Asthma and indoor environment in Nepal
- aInstitute of Community Medicine, University of Tromsø, Norway, bEnvironmental Health Sciences, University of California, Berkeley, USA, cDepartment of Thoracic Medicine, University of Bergen, Norway, dMrigendra Samjhana Medical Trust, Nepal
- Dr T Melsom, Utsikten 15 nr 1, 1604 Fredrikstad, Norway
- Received 1 August 2000
- Revision requested 1 November 2000
- Revised 1 February 2001
- Accepted 26 February 2001
BACKGROUND The development of asthma seems to be influenced by the adoption of a Western lifestyle. A study was undertaken to assess the importance of indoor environmental factors in Nepal where the lifestyle and home environment differ from that in the West.
METHODS The home environment of 121 schoolchildren with asthma and 126 controls aged 11–17 years was studied. The homes of all participants were investigated and the children and their mothers were interviewed using a standardised questionnaire. Cases and controls were identified from an ISAAC (International Study of Asthma and Allergy in Childhood) based population study of 2330 schoolchildren in Kathmandu, Nepal.
RESULTS Keeping cattle inside the house during the night was related to a lower risk for having asthma (adjusted odds ratio (OR) 0.2 (95% CI 0.1 to 0.5)) while there was no association between asthma and cattle kept outside. Asthma was associated with cigarette smoking by two or more family members (OR 1.9 (95% CI 1.0 to 3.9)) and with the domestic use of smoky fuels (OR 2.2 (95% CI 1.0 to 4.5)). In analyses stratified by sex, passive smoking and the use of smoky fuels were significantly associated with asthma only in boys.
CONCLUSIONS The risk of asthma in Nepalese children was lower in subjects exposed to cattle kept inside the house and higher in subjects exposed to passive smoking and indoor use of smoky fuels. Childhood exposure to microorganisms or allergens from cattle may protect against the development of atopic disease.
Epidemiological studies suggest that the development of asthma may be influenced by the adoption of a Western lifestyle.1 2 The International Study on Asthma and Allergies in Childhood (ISAAC) showed a significant worldwide variation in the prevalence of symptoms of asthma, with the highest prevalence in English speaking Western countries and the lowest prevalence in Eastern Europe and Asia.3 In the Western world different populations may be exposed to risk factors for asthma in a similar way. Aetiological patterns may be more evident when comparisons are made between more different cultures. A study was undertaken to assess the importance of indoor environmental factors potentially relevant for asthma in Nepal, a country where the lifestyle and home environment is different from that in the West.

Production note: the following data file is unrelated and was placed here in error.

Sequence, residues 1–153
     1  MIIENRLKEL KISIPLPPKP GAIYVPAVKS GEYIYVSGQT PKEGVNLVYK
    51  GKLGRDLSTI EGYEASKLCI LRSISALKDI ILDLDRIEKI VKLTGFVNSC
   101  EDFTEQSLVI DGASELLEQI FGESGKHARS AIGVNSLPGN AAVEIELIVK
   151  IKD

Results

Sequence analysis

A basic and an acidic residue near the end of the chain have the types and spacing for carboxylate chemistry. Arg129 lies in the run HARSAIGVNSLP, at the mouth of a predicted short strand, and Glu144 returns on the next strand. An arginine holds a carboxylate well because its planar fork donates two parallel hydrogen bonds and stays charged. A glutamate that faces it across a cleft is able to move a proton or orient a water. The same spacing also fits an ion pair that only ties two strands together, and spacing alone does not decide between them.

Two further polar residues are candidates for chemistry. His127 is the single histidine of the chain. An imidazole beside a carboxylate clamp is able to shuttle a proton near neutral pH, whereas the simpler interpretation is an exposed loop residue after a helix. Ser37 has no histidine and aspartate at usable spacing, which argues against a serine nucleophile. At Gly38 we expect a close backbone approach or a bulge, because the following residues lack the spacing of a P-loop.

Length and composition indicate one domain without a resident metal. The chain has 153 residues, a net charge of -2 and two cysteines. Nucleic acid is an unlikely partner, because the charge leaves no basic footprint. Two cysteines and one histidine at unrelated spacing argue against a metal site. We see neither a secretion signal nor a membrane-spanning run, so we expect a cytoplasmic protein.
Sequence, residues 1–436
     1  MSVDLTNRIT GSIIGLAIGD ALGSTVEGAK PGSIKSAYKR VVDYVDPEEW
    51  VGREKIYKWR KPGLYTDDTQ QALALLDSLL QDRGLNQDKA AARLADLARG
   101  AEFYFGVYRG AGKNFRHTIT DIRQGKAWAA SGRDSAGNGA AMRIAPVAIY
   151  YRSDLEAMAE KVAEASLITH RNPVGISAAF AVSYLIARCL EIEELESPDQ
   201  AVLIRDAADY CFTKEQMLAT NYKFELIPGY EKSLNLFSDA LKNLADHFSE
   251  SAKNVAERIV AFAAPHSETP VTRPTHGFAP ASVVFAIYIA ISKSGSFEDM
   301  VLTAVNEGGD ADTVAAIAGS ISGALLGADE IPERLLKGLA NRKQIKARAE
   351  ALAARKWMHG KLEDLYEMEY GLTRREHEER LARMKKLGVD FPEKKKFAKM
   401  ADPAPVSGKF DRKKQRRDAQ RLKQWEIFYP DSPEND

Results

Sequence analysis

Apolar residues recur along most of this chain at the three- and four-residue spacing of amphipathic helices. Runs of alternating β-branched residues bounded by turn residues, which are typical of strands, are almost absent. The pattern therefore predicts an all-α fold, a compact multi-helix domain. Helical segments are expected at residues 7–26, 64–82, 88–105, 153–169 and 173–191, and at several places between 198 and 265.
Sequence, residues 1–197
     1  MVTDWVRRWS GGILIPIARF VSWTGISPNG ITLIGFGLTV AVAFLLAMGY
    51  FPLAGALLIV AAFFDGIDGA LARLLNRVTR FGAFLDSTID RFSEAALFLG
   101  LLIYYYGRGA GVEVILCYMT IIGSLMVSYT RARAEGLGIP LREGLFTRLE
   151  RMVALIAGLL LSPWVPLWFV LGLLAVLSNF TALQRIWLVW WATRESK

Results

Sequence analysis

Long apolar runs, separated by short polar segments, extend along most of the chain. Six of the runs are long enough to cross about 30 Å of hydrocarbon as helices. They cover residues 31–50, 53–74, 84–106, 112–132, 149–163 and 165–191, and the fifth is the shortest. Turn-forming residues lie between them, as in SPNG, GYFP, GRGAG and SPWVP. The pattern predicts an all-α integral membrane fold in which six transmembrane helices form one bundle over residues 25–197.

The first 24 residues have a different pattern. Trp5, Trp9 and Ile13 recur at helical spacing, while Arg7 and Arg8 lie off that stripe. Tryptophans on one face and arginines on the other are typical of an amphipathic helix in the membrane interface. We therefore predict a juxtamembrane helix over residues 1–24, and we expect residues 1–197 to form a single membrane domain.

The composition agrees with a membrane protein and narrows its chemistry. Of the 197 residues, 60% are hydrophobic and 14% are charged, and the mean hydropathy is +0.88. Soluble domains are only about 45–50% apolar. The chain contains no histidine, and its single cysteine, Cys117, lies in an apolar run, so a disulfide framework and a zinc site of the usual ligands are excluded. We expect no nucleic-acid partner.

Atopic diseases are reported to be more common in children exposed to animal dander than in those not exposed.4 5 On the other hand, findings from the European Community Respiratory Health Survey indicate that dog keeping in early childhood protects against adult atopy.6 A study of Swedish children revealed less asthma and allergic rhinitis in children who had a pet during their first year of life.7 Furthermore, recent studies of allergy in a farm environment provide evidence of less hay fever and asthma among children of farmers.8-10 In Nepal a large proportion of the population are peasants and, as in many other developing countries, there is a tradition of keeping cattle inside the house.
Maternal tobacco smoking has been identified as an important risk factor for asthma in several studies.11 12 A survey of smoking habits in the rural area of Kathmandu Valley showed that the prevalence of daily tobacco smoking for men and women was 85% and 62%, respectively.13 Most Nepalese families use unprocessed biomass fuel such as wood, grass, and crop residues for heating and cooking. Solid fuel fired cooking and heating stoves are widely used in developing countries, and respiratory symptoms have been associated with the use of smoky fuels in Nepal14 and in other countries.15 16
In this case control study of asthma we directed special attention to a possible effect of close exposure to livestock and indoor smoke pollution. Other environmental factors of interest were pet keeping, building construction, and domestic crowding.
One hundred and thirty five cases of asthma were defined from a study in which 2330 schoolchildren aged 11–17 years were screened to study the prevalence of asthma, rhinitis, and eczema in the area of Kathmandu Valley, Nepal (M Schei, J O Hessen, M R Pandey, unpublished). This study recruited two sample groups, one within the city of Kathmandu and one from the surrounding hilly area where people still have a traditional way of life. Schools were selected randomly and data were collected in the classrooms using both a written and a video questionnaire developed by ISAAC.3 To ensure comprehension and the use of correct local language, questionnaires were first translated into Nepalese and then retranslated to English by independent persons.
The 135 children defined as cases of asthma in our study answered “yes” to at least one of the following questions in each of the two different ISAAC questionnaires:
Core questionnaire: “Have you had wheezing or whistling in the chest in the last 12 months?” or “In the last 12 months have you had a dry cough at night, apart from a cough associated with a cold or chest infection?”